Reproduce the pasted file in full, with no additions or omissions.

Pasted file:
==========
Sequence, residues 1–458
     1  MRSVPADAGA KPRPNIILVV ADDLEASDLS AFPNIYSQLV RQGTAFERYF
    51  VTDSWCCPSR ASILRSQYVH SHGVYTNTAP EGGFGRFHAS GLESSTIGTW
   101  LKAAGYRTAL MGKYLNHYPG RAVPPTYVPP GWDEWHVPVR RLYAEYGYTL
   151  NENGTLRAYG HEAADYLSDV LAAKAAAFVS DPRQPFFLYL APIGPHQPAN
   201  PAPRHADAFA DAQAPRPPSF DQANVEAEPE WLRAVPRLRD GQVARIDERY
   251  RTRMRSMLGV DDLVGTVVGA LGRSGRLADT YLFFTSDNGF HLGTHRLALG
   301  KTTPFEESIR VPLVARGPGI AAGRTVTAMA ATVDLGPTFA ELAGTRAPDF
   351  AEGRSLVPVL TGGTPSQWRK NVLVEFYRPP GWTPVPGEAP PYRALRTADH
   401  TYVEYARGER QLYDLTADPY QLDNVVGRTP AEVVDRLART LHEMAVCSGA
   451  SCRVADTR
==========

Sequence, residues 1–458
     1  MRSVPADAGA KPRPNIILVV ADDLEASDLS AFPNIYSQLV RQGTAFERYF
    51  VTDSWCCPSR ASILRSQYVH SHGVYTNTAP EGGFGRFHAS GLESSTIGTW
   101  LKAAGYRTAL MGKYLNHYPG RAVPPTYVPP GWDEWHVPVR RLYAEYGYTL
   151  NENGTLRAYG HEAADYLSDV LAAKAAAFVS DPRQPFFLYL APIGPHQPAN
   201  PAPRHADAFA DAQAPRPPSF DQANVEAEPE WLRAVPRLRD GQVARIDERY
   251  RTRMRSMLGV DDLVGTVVGA LGRSGRLADT YLFFTSDNGF HLGTHRLALG
   301  KTTPFEESIR VPLVARGPGI AAGRTVTAMA ATVDLGPTFA ELAGTRAPDF
   351  AEGRSLVPVL TGGTPSQWRK NVLVEFYRPP GWTPVPGEAP PYRALRTADH
   401  TYVEYARGER QLYDLTADPY QLDNVVGRTP AEVVDRLART LHEMAVCSGA
   451  SCRVADTR